When two Niveus Private Academy students, Devon Richards and Chiamaka Adebayo, are selected to be part of the elite school’s senior class prefects, it looks like their year is off to an amazing start. After all, not only does it look great on college applications, but it officially puts each of them in the running for valedictorian, too.
Shortly after the announcement is made, though, someone who goes by Aces begins using anonymous text messages to reveal secrets about the two of them that turn their lives upside down and threaten every aspect of their carefully planned futures.
As Aces shows no sign of stopping, what seemed like a sick prank quickly turns into a dangerous game, with all the cards stacked against them. Can Devon and Chiamaka stop Aces before things become incredibly deadly?
I was provided an eARC of this book from the publisher via NetGalley in exchange for an honest review.
When I finished reading Ace of Spades, I was overcome with a very unfamiliar feeling: I wanted to go back to the very first page and read it cover to cover again. I wanted to relive the descension of horror this book takes you through. I wanted to experience the terror and fear that this book instils with its incredible twist and turns. And, knowing what I know now, I wanted to feel that absolute dread of knowing what was coming, because how this story devolves and leads to was thrilling and so satisfyingly brilliant. I am in awe of Ace of Spades, and it is one of the most phenomenal debuts that I have ever read.
I have had the privilege of already reading Ace of Spades, an upcoming young-adult thriller from debut author Faridah Àbíké-Íyímídé, and I have already called it one of my favourite books of 2021. Set in an elite high school, the story follows two Black teens as they are taunted, their secrets spilled by an anonymous texter who seems set on ruining their lives. Ace of Spades is absolutely stunning – and jaw-dropping and shocking and it will, as the cliche goes, make you hold a breath you won’t realise that you are holding.
This is the mantra that Becca Aldaine has grown up with. Her family is part of a community of doomsday preppers, a neighborhood that prioritizes survivalist training over class trips or senior prom. They’re even arranging Becca’s marriage with Roy Kang, the only eligible boy in their community. Roy is a nice guy, but he’s so enthusiastic about prepping that Becca doesn’t have the heart to tell him she’s planning to leave as soon as she can earn a full ride to a college far, far away.
Then a devastating accident rocks Becca’s family and pushes the entire community, including Becca’s usually cynical little sister, deeper into the doomsday ideology. With her getaway plans thrown into jeopardy, the only person Becca can turn to is Roy, who reveals that he’s not nearly as clueless as he’s been pretending to be.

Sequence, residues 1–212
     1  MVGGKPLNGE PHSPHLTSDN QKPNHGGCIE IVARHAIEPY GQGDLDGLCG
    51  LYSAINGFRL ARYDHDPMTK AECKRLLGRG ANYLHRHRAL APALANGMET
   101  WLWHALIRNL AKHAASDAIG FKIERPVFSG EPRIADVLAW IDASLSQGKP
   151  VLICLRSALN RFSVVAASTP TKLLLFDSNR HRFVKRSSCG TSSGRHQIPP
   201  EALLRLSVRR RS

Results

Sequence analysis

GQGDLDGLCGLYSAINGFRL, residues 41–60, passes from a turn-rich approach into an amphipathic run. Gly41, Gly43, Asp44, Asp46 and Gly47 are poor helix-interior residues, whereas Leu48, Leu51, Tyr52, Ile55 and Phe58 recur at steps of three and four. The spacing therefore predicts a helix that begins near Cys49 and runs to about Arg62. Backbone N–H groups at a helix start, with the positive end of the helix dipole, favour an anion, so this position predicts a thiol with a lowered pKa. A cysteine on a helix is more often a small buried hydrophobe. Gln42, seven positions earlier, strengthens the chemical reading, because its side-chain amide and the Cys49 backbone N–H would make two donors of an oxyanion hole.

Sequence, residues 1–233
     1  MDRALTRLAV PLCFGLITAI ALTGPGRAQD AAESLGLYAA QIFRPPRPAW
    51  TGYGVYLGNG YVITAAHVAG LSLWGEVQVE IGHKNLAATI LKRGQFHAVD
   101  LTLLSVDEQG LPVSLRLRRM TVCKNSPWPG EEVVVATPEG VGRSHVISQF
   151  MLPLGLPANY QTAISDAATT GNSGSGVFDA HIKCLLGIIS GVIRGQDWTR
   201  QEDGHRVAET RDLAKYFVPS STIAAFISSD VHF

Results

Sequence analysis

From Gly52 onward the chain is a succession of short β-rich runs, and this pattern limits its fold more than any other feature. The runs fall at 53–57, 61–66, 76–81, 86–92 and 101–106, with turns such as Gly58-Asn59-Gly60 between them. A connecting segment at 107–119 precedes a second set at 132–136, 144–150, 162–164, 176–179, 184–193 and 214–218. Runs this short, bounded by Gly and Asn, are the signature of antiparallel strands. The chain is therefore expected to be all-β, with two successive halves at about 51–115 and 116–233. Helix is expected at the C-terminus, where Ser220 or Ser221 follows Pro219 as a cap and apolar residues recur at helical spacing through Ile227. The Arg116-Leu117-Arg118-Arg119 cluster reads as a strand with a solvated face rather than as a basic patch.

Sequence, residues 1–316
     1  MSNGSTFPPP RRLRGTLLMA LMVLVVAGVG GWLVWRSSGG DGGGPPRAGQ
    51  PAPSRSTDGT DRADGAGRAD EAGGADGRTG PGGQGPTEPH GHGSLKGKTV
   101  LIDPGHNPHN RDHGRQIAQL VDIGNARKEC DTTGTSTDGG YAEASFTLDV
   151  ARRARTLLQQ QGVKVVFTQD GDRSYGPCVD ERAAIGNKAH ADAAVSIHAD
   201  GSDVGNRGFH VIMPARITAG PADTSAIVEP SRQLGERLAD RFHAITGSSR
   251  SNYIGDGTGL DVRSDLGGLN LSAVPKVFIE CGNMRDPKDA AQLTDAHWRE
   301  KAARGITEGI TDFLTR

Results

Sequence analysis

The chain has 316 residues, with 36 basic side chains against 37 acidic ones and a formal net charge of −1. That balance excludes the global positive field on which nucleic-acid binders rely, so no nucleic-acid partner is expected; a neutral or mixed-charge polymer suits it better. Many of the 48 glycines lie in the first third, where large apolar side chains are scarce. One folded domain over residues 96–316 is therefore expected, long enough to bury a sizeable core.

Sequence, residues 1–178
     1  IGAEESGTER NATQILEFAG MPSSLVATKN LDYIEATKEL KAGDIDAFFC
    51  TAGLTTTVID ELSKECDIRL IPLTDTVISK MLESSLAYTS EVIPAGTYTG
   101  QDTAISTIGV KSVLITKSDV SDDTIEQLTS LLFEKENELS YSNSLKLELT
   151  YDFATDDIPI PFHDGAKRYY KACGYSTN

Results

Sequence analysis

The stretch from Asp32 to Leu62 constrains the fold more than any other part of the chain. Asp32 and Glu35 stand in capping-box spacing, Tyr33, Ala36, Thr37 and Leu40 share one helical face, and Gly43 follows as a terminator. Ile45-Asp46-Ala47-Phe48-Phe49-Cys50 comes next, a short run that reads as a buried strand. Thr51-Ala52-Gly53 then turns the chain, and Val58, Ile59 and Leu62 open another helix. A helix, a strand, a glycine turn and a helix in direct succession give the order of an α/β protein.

When Roy proposes they run away together, Becca will have to risk everything—including her heart—for a chance to hope for the best instead of planning for the worst.
I received an eARC in exchange for an honest review.
If you’re the kind of person who loves reading about or watching documentaries about survivalists or preppers, then pay attention: because Prepped by Bethany Mangle may the kind of book that you’re looking for. This YA thriller-comedy debut follows Becca, a white-American teen whose family leads a doomsday community. Though her parents are passionate about the cause, Becca longs for escape – taking her younger sister with her – but when tragedy strikes, her doomsday community falls deeper into their doomsday ideology and escape becomes more difficult.
Remy Tsai used to know how her story would turn out. But now, she doesn’t even know what tomorrow will look like.
She was happy once. Remy had her boyfriend Jack, and Elise, her best friend—her soulmate—who understood her better than anyone else in the world.
But now Jack is dead, shot through the chest—
And it was Elise who pulled the trigger.
Was it self-defense? Or something deeper, darker than anything Remy could have imagined? As the police investigate, Remy does the same, sifting through her own memories, looking for a scrap of truth that could save the friendship that means everything to her.
Quite frankly, The Best Lies came for me. And by that, I mean that when I picked up this book, I did not know what to expect. What I did not expect, however, was for this book to blow my mind, become one of my favourite reads of 2019, and make me think about it at almost every waking hour.
Sadie hasn’t had an easy life. Growing up on her own, she’s been raising her sister Mattie in an isolated small town, trying her best to provide a normal life and keep their heads above water.
But when Mattie is found dead, Sadie’s entire world crumbles. After a somewhat botched police investigation, Sadie is determined to bring her sister’s killer to justice and hits the road following a few meager clues to find him.
When West McCray―a radio personality working on a segment about small, forgotten towns in America―overhears Sadie’s story at a local gas station, he becomes obsessed with finding the missing girl. He starts his own podcast as he tracks Sadie’s journey, trying to figure out what happened, hoping to find her before it’s too late.
I remember when this book first came out, and everyone gave it so much love and praise. And now having – finally – read Sadie, I can absolutely see why. Sadie follows the eponymous teen who is searching for her sister’s killer, with every intent to kill him herself, and a podcast reporter trying to uncover the mystery behind Sadie’s disappearance and her journey. Perhaps one of the most compelling books I have read in a long time, Sadie is the sort of book that sears its story into your memory and will stay with you for many days after.